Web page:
You are here:  Home      Knowledge      eNewsletters      Are Directors Liable For Credit Card Debts?
Are Directors Liable For Credit Card Debts?
In the event of insolvency, Directors' personal liability to credit card providers for expenses incurred on behalf of their companies can be a murky issue.

Are Directors personally liable for debt on credit cards used for company benefit, if their business fails?

Directors seeking to avoid personal liability for debts on cards used only for company purposes should ensure that their service contracts contain an indemnity clause.In absence of such an indemnity, Directors will not be able to amend contracts and have such protection backdated after a liquidation has commenced. Therefore they will be personally liable for these company debts.

Attempted avoidance of liability

The Supreme Court of NSW recently made its ruling following an application to the Industrial Relations Commission (IRC) by two directors of One.Tel. The applicants sought to have their service contracts with One.Tel declared void for failing to provide such indemnities and for imposing personal liability.

The responsibilities of liquidators include determining which claims are admitted as proof against the insolvent company. Section 553 (1) of the Corporations Act allows for the admission to proof of claims both present and future, providing that they arise from circumstances that occurred before the windup date.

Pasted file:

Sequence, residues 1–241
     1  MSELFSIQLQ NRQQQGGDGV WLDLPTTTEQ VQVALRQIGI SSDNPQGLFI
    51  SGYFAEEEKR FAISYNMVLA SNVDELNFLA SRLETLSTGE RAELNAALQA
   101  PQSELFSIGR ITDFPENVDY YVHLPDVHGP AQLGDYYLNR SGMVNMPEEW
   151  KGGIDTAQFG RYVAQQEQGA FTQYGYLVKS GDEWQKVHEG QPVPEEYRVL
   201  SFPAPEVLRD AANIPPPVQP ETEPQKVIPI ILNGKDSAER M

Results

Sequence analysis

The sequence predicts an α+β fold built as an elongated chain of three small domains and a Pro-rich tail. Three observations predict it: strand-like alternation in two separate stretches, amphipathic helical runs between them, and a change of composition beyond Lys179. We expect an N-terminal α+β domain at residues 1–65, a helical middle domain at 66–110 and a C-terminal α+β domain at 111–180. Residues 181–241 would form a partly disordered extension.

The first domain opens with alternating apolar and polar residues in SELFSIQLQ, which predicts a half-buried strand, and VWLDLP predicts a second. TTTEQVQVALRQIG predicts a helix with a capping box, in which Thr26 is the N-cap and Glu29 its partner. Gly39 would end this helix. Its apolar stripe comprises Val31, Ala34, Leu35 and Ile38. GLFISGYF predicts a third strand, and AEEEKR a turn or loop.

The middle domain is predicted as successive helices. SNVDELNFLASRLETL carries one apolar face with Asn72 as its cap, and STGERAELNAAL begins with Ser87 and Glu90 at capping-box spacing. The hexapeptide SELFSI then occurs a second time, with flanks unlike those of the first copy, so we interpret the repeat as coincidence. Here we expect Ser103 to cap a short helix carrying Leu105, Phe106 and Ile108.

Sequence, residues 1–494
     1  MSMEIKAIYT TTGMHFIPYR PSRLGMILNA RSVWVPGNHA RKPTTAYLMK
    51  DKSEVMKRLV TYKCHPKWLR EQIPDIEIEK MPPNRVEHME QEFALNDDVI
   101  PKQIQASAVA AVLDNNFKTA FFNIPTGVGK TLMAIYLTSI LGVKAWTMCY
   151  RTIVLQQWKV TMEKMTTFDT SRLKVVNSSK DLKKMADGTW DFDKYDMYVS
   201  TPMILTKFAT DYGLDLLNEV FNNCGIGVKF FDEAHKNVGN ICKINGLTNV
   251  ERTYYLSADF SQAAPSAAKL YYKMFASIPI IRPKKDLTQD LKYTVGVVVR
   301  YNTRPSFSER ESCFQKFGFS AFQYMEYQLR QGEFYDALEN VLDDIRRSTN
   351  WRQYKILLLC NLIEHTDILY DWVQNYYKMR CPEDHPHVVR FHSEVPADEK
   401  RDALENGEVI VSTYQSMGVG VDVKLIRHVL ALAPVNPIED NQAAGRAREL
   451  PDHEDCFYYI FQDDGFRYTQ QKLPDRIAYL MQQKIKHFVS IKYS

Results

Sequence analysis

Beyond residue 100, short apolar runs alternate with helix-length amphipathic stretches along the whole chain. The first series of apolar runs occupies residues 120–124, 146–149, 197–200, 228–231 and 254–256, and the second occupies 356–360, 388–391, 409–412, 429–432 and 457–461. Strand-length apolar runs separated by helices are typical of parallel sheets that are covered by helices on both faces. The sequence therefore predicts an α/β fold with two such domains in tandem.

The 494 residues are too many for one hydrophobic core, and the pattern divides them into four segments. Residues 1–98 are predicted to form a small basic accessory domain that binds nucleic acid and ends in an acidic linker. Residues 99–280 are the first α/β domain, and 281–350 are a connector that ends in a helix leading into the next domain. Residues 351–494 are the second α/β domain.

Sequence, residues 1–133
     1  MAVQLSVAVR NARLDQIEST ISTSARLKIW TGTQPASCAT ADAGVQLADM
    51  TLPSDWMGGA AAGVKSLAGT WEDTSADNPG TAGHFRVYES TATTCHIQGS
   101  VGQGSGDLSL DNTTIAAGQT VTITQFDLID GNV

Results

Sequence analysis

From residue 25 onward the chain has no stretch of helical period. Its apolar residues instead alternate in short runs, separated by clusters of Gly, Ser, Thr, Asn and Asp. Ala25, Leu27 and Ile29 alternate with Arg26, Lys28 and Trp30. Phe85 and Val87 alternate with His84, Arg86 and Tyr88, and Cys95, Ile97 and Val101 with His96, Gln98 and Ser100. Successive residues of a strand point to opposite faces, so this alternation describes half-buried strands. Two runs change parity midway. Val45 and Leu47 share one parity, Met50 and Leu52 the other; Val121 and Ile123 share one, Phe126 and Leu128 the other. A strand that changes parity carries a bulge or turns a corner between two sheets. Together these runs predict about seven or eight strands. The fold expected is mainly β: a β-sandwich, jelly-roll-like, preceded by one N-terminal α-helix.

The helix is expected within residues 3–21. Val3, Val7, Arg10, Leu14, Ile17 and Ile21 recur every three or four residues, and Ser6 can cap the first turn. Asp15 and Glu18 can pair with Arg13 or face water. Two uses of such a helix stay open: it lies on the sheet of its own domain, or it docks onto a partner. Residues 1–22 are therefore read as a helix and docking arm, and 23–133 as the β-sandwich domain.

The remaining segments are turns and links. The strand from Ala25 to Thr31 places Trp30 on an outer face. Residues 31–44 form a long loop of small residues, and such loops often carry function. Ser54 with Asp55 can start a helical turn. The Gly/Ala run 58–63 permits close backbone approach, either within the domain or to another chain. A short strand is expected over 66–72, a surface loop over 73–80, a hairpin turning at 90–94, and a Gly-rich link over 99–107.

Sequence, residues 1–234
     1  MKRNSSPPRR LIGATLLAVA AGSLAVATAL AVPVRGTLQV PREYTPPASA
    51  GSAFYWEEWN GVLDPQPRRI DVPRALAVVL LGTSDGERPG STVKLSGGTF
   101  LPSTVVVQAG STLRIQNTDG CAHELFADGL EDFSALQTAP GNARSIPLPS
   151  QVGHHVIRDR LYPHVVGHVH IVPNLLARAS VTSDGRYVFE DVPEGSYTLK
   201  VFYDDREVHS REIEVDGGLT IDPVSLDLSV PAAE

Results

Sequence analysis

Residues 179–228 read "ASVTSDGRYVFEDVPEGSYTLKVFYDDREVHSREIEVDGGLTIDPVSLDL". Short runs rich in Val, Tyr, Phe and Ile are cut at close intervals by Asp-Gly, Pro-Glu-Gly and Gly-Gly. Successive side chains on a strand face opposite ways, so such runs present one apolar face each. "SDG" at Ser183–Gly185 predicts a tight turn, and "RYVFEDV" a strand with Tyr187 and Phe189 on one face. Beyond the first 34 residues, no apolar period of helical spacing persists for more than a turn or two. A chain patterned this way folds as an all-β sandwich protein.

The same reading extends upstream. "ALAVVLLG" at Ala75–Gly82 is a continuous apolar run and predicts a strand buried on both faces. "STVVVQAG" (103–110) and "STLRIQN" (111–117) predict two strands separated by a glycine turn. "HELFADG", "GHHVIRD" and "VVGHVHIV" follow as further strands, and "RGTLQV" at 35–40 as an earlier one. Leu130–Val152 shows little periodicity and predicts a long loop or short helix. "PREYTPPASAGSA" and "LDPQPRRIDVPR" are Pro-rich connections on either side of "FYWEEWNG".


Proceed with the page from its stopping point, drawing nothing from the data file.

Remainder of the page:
It is the future category of claim that is contentious, when applicants seek to move the goal posts by backdating variations to contracts.

The case ruling

The Supreme Court was required to give leave for the IRC proceedings to continue, by determining whether a prospective IRC Order might constitute a provable claim in the winding up. The Court ruled that any Order the IRC might make to indemnify or compensate a director for personal liability of credit card debt, would only apply from the date such Order was made. Therefore, an Order made after windup will not be a future claim provable in a liquidation.

Conclusion

In the case of One.Tel, the application was not perceived to have merit. In any event, Directors are always able to prove for any debts incurred solely for the benefit of their company : company credit card expenses will rank as unsecured creditor claims in the liquidation, and will not receive the normal priority treatment afforded to employee entitlements. However, Directors seeking protection against pursuit by card providers should ensure that their service contracts provide for such an indemnity.
Independent Associate Member of Walker Wayland Australasia Limited, a network of independent accounting firms
Services
Current Matters
Knowledge
|
|
|
Copyright © de Vries Tayeh - Chartered Accountants 2012. All rights reserved.